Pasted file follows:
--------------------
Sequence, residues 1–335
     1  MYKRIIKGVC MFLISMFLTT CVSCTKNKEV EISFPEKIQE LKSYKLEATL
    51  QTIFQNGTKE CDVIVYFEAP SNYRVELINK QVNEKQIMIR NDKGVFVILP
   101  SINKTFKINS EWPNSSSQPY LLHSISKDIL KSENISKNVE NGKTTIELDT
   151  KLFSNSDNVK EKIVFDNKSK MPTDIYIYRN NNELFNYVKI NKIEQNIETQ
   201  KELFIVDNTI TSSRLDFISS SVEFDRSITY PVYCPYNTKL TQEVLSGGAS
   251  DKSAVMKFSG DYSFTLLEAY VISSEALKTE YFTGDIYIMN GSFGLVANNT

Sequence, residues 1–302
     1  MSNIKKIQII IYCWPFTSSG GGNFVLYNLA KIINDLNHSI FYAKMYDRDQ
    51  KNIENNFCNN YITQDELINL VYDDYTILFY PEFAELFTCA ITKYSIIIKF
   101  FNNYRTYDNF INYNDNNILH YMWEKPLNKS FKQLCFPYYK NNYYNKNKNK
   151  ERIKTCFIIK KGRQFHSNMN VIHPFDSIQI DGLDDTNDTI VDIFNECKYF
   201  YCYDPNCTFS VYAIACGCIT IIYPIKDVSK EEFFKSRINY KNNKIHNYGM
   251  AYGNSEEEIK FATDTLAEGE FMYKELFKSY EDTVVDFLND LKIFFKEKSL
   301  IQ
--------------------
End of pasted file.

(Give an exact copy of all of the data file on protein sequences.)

Sequence, residues 1–335
     1  MYKRIIKGVC MFLISMFLTT CVSCTKNKEV EISFPEKIQE LKSYKLEATL
    51  QTIFQNGTKE CDVIVYFEAP SNYRVELINK QVNEKQIMIR NDKGVFVILP
   101  SINKTFKINS EWPNSSSQPY LLHSISKDIL KSENISKNVE NGKTTIELDT
   151  KLFSNSDNVK EKIVFDNKSK MPTDIYIYRN NNELFNYVKI NKIEQNIETQ
   201  KELFIVDNTI TSSRLDFISS SVEFDRSITY PVYCPYNTKL TQEVLSGGAS
   251  DKSAVMKFSG DYSFTLLEAY VISSEALKTE YFTGDIYIMN GSFGLVANNT

Sequence, residues 1–302
     1  MSNIKKIQII IYCWPFTSSG GGNFVLYNLA KIINDLNHSI FYAKMYDRDQ
    51  KNIENNFCNN YITQDELINL VYDDYTILFY PEFAELFTCA ITKYSIIIKF
   101  FNNYRTYDNF INYNDNNILH YMWEKPLNKS FKQLCFPYYK NNYYNKNKNK
   151  ERIKTCFIIK KGRQFHSNMN VIHPFDSIQI DGLDDTNDTI VDIFNECKYF
   201  YCYDPNCTFS VYAIACGCIT IIYPIKDVSK EEFFKSRINY KNNKIHNYGM
   251  AYGNSEEEIK FATDTLAEGE FMYKELFKSY EDTVVDFLND LKIFFKEKSL
   301  IQ